I adored Enid Blyton as a child and devoured all her Famous Five and Secret Seven books when I was very young. Agatha Christie’s mysteries were a huge favourite in my early teens, too.
But if I had to name the book I treasured most when I was growing up I would say Little Women by Louisa May Alcott. The story of the four lively March sisters – Jo, Meg, Beth and Amy – appealed to me on so many levels, not least because, like the author, I am the second of four daughters myself.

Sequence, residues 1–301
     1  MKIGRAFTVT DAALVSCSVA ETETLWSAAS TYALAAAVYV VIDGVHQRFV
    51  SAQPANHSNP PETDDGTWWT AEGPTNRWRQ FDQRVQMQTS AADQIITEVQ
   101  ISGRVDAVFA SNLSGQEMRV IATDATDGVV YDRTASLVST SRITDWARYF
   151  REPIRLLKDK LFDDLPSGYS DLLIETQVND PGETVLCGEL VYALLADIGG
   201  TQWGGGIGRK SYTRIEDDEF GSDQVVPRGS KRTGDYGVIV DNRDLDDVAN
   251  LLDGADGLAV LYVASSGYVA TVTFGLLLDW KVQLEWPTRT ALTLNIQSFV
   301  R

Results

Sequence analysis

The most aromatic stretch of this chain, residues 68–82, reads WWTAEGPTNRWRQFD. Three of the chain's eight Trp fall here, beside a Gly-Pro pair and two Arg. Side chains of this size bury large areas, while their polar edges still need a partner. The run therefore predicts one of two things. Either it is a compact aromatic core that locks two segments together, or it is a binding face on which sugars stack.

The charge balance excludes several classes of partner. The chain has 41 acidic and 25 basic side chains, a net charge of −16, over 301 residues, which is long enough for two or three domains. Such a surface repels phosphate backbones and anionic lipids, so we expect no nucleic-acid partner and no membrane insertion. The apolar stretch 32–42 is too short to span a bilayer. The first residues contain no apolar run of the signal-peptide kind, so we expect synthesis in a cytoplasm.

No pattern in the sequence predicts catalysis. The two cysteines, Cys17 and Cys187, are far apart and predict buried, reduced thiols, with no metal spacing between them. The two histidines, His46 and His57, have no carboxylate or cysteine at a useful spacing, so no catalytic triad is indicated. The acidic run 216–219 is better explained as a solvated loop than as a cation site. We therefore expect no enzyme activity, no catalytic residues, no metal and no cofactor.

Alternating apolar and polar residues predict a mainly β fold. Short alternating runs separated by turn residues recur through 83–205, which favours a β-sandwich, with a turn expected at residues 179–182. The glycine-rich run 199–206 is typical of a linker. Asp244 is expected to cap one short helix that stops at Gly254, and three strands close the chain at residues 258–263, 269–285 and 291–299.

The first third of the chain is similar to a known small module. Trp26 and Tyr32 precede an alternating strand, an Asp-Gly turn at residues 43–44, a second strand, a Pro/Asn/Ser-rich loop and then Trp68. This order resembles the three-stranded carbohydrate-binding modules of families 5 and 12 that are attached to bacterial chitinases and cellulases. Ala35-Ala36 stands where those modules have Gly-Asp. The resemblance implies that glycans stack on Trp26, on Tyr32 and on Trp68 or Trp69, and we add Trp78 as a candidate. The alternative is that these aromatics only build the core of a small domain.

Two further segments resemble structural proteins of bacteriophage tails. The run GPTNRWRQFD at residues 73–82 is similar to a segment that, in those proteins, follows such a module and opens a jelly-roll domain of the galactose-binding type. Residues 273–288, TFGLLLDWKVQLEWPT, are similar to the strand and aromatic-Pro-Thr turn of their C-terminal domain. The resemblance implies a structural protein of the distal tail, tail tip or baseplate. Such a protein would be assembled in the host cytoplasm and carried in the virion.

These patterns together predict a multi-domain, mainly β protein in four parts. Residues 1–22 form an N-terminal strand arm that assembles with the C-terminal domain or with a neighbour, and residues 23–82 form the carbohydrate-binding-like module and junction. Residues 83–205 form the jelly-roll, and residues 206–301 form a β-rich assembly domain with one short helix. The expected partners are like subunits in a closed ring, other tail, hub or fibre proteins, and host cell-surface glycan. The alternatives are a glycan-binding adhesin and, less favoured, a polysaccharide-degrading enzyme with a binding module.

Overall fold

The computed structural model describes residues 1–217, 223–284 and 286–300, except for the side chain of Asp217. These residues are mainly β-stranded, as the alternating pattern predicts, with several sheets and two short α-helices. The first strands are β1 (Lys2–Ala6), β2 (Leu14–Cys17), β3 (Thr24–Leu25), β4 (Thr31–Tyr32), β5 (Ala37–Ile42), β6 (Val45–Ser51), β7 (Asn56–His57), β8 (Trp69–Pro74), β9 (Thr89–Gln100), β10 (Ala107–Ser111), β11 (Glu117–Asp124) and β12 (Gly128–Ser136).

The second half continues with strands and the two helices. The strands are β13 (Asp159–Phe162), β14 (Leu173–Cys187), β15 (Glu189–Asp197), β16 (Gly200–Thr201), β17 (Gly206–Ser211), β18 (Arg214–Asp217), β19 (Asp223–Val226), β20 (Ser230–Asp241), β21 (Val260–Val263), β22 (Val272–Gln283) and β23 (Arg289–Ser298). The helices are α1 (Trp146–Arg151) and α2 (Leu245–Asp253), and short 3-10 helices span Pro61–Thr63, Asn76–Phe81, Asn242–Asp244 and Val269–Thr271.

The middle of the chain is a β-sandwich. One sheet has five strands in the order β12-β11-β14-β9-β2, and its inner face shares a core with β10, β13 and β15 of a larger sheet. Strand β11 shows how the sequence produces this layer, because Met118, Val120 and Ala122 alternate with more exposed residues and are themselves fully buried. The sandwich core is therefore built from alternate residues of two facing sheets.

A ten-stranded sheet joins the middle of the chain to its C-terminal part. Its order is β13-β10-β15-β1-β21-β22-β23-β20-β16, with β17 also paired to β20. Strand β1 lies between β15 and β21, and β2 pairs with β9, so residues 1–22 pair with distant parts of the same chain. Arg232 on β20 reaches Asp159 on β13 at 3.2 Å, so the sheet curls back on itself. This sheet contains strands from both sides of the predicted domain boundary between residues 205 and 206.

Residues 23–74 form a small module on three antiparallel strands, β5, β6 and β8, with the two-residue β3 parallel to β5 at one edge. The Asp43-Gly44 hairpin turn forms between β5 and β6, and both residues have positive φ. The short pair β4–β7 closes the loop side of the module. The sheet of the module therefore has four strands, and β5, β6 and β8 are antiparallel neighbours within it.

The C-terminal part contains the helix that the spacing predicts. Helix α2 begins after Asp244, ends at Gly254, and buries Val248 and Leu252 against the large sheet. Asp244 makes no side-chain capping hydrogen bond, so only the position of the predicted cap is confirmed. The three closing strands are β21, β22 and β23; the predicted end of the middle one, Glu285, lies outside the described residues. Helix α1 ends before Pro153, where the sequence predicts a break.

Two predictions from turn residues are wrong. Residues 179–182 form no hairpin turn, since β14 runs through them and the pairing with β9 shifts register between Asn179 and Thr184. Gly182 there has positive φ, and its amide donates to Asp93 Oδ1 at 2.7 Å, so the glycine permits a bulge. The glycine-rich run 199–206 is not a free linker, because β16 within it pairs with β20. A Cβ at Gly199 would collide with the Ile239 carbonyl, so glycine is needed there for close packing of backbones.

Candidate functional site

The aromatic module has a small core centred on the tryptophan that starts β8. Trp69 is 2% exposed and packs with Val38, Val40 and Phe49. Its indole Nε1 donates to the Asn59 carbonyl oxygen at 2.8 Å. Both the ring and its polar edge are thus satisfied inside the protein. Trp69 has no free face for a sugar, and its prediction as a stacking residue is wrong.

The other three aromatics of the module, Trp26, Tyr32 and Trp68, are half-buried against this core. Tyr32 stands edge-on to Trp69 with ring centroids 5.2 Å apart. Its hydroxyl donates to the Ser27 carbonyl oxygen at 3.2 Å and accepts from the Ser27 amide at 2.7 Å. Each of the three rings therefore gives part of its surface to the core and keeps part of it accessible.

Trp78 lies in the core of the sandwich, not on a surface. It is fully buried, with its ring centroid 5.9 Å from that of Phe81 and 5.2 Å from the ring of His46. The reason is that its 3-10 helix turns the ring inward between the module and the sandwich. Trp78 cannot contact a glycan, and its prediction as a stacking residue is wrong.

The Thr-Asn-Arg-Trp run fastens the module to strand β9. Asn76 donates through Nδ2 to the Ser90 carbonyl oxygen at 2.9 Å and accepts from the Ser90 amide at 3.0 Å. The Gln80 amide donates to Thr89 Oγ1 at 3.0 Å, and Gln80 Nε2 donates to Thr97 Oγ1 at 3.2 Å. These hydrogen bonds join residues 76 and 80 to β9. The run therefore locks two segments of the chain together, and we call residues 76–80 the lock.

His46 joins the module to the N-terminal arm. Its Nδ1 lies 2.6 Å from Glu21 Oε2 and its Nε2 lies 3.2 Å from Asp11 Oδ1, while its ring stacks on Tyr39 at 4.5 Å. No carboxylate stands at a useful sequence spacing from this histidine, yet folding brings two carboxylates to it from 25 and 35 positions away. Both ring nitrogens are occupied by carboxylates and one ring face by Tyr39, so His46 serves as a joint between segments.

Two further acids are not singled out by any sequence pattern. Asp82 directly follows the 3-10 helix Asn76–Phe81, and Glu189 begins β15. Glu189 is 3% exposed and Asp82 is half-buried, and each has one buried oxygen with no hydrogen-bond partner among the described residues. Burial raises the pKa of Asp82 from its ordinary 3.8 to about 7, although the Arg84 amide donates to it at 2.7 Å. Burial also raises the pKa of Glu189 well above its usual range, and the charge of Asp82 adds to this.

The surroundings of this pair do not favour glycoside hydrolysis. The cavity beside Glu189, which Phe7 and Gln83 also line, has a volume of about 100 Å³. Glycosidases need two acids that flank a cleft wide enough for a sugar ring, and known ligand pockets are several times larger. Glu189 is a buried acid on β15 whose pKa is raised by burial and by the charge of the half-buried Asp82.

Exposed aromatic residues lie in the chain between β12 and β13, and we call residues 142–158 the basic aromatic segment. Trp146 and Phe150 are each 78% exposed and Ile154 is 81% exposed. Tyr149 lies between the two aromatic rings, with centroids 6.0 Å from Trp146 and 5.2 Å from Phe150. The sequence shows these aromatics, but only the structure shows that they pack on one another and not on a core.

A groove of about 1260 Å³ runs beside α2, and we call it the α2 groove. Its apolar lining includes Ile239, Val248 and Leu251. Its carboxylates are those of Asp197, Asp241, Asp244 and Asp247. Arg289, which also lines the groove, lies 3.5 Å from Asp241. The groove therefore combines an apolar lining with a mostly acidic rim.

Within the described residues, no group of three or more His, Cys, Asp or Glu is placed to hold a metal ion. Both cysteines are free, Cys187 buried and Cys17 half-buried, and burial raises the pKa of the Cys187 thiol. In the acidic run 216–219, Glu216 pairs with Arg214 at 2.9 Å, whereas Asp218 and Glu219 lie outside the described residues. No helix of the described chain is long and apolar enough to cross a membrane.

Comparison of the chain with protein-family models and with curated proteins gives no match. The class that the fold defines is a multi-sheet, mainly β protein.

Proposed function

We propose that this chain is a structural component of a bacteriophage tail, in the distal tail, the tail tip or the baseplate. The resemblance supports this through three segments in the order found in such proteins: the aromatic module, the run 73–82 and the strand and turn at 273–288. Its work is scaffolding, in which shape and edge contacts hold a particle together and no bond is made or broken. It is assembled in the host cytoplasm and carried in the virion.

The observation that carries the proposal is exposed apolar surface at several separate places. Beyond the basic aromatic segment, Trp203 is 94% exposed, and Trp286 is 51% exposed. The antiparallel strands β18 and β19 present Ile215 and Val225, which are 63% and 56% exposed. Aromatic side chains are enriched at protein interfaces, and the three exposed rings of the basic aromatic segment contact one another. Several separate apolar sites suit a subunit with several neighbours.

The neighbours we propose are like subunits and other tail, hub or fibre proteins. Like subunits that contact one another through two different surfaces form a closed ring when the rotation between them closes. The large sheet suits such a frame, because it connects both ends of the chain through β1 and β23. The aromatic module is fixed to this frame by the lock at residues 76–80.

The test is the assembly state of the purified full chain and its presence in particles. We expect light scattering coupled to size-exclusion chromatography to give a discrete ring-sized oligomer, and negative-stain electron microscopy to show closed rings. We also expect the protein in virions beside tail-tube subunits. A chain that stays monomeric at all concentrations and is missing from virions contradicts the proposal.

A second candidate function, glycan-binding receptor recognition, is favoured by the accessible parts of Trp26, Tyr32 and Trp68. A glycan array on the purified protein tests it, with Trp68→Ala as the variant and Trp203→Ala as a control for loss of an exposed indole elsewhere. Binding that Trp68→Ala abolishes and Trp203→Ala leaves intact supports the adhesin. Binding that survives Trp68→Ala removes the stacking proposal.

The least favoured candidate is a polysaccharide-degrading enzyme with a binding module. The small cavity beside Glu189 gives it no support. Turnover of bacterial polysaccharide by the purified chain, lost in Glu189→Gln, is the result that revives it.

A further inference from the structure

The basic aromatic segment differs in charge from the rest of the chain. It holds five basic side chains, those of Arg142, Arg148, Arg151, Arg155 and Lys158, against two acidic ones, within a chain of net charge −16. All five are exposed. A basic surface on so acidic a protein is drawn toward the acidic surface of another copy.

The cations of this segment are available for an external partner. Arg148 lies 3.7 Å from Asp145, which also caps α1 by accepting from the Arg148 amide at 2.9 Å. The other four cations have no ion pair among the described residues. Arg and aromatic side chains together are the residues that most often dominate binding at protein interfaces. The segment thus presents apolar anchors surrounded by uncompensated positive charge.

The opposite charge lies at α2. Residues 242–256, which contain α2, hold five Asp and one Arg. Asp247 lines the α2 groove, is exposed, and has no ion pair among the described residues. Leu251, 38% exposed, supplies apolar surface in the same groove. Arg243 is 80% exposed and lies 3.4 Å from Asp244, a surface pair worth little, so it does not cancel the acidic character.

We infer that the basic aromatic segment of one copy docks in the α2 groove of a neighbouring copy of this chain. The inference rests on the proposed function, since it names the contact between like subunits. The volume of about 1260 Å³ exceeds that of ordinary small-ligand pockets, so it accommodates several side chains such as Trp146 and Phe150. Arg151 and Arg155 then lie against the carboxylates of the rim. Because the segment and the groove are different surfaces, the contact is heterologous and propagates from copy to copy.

The book is semi-autobiographical, drawn from Alcott’s childhood memories, and written in a wonderfully easy, direct style. Alcott, unequivocally, is Jo, the fearless, impatient girl (and aspiring writer) who longs “to do daring things”, and who struggles to escape the Victorian prison of her gender. In my mind I was Jo March too. She taught me that me that, girl or boy, you can do anything you want to do.